Google today launched its Google Docs for Android application, allowing users to capture and convert photos to documents from their mobile phones.
Built by engineers in Sydney and a design team in Tokyo, Japan, the native application was launched with document creation and sharing capabilities.
It built on Google’s introduction of mobile website ‘Google Docs for Mobile’ last November, which enabled spreadsheet editing from most mobile operating systems, and document editing from Android and Apple iOS devices such as the popular iPhone and iPad.
For the Android app, Google has introduced Optical Character Recognition (OCR), sharing and uploading features. Google expected OCR to do “a pretty good job” recognising unformatted, English-language text, but not handwriting or some fonts.
A spokesman declined to disclose any plans for developing native applications or introducing the new features on non-Android operating systems.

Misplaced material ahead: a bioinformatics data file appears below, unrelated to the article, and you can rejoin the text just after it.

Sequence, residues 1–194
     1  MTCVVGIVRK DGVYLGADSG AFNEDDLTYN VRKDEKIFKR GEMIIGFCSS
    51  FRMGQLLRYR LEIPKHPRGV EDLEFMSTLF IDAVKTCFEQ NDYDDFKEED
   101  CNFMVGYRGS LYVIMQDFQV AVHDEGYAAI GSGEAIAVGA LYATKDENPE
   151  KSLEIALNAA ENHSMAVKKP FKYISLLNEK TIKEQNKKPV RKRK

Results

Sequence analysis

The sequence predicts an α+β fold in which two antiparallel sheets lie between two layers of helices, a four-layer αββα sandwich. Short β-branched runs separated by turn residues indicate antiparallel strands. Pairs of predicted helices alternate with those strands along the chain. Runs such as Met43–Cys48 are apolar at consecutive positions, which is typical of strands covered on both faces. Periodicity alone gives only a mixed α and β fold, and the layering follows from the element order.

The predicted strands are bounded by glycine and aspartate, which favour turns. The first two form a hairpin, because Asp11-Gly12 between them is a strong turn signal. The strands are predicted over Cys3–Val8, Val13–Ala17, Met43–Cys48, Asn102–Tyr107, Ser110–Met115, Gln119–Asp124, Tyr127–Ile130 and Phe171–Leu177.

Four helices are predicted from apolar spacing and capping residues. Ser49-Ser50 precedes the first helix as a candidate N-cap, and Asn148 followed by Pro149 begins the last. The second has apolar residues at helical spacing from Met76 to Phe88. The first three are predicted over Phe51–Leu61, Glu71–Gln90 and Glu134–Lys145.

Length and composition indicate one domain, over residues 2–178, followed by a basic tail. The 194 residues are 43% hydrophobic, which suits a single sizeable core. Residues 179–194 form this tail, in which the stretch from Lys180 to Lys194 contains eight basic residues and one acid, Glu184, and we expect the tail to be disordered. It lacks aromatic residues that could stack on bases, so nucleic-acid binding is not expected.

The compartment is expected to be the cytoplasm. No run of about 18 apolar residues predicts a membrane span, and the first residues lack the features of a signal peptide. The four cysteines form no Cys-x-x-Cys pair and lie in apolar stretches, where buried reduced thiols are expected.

“We are committed to delivering the best possible mobile experience across all of its products including Docs,” Google’s spokesman told iTnews today.
“We will continue to add to these mobile offerings but have nothing further to announce at this time."
According to market research firm Strategy Analytics, Android also accounted for 22 percent of the tablet market in Q4 2010, with Apple’s share falling from 95 to 75 percent that quarter.
Google’s Sydney team announced the availability of the Docs for Android application for Android 2.1+ phones on the Google Australia Blog this morning.
In a separate announcement yesterday, Google cut back its free Apps service for enterprises, so new customers would have to pay if seeking support for more than 10 users.